This book explores human trafficking, examining the work of grass-roots, non-profit organizations who educate and rehabilitate human trafficking victims and at-risk youth. Through interviews with staff and children, the author compares the work of two NGOs on-the-ground in Thailand with the work of similar organizations overseas, shedding light on the ways in which they combine educational work with shelter settings to prevent human trafficking, protect young people and attempt to provide a future free of exploitation. Concentrating less on the details of exploitation itself than the work that is being done to prevent exploitation and protect those who have experienced human trafficking, Preventing Human Trafficking explores the many challenges faced by the organizations, their staff and the children they serve. Drawing on rich qualitative research to address significant gaps in our knowledge of the work of NGOs and propose solutions to the problems of trafficking and how to protect its victims, this book will appeal to social scientists and policy makers with interests in criminology, exploitation, people trafficking, non-formal education and the work of NGOs.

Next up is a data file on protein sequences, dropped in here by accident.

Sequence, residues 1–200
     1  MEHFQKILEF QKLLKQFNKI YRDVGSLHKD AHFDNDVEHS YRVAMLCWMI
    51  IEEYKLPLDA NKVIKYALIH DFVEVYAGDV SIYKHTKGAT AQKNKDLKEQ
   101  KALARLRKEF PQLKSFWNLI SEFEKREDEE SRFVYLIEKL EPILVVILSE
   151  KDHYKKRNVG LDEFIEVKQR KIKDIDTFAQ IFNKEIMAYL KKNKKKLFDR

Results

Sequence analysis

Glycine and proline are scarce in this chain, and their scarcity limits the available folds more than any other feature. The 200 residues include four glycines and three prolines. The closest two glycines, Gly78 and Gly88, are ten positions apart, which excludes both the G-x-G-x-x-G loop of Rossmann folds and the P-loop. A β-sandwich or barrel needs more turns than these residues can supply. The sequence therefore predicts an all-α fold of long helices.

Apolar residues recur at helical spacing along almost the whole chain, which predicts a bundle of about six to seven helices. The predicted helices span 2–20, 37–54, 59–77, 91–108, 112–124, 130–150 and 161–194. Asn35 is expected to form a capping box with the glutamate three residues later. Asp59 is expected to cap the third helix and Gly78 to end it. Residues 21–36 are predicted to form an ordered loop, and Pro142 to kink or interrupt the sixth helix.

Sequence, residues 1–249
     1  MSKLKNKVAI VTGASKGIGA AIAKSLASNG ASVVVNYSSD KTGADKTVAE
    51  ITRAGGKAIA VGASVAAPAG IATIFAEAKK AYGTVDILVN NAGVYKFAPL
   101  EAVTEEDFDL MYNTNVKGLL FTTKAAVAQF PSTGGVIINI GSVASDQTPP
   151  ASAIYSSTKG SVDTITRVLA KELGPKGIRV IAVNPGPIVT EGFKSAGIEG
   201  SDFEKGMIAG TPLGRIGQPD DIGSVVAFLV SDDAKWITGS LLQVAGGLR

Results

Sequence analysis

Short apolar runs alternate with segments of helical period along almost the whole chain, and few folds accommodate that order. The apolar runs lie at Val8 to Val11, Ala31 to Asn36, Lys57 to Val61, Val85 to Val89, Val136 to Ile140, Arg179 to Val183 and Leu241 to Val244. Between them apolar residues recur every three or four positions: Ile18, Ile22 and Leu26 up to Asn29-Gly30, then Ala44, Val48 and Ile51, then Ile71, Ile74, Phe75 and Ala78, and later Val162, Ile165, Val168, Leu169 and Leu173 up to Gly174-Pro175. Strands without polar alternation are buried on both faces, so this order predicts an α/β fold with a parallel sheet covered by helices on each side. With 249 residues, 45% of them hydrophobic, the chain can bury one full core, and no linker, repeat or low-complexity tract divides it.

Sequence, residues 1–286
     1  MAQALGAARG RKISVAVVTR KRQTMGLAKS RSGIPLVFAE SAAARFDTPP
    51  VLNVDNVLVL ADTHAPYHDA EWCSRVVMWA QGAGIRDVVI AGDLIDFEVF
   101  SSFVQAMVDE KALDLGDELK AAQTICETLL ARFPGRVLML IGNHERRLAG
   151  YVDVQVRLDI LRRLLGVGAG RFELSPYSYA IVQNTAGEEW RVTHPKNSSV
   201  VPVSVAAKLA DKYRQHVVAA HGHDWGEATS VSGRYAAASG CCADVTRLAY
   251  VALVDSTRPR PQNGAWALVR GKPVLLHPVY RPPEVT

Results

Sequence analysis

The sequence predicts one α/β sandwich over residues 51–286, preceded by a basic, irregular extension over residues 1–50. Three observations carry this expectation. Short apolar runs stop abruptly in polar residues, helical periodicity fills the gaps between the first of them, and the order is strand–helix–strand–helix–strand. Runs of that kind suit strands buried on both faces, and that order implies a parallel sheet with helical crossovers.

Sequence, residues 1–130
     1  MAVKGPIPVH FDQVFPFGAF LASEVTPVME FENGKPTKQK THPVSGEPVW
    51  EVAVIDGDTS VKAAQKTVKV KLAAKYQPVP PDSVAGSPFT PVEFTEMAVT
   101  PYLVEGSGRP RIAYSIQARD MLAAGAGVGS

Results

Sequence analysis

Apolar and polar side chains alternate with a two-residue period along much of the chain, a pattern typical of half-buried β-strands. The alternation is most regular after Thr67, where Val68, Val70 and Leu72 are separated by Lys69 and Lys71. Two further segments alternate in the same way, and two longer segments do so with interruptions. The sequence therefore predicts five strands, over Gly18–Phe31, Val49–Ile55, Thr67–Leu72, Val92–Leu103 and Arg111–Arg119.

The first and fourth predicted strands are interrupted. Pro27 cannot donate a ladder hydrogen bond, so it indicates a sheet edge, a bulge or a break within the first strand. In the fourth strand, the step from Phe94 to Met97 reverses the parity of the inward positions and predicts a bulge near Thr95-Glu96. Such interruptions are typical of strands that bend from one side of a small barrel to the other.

’This book provides important insights in how NGOs provide education to child survivors and those at risk of human trafficking in Thailand. As the Thai government strives to provide education for all, including ethnic minorities without citizenship and the large number of migrant children in Southeast Asia, studies like this give much needed perspective.’ Simon Baker, Mahidol University, Thailand
Solving Social Problems provides a forum for the description and measurement of social problems, with a keen focus on the concrete remedies proposed for their solution. The series takes an international perspective, exploring social problems in various parts of the world, with the central concern being always their possible remedy. As such, work is welcomed on subjects as diverse as environmental damage, terrorism, economic disparities and economic devastation, poverty, inequalities, domestic assaults and sexual abuse, health care, natural disasters, labour inequality, animal abuse, crime, and mental illness and its treatment. In addition to recommending solutions to social problems, the books in this series are theoretically sophisticated, exploring previous discussions of the issues in question, examining other attempts to resolve them, and adopting and discussing methodologies that are commonly used to measure social problems. Proposed solutions may be framed as changes in policy, practice, or more broadly, social change and social movement. Solutions may be reflective of ideology, but are always pragmatic and detailed, explaining the means by which the suggested solutions might be achieved.
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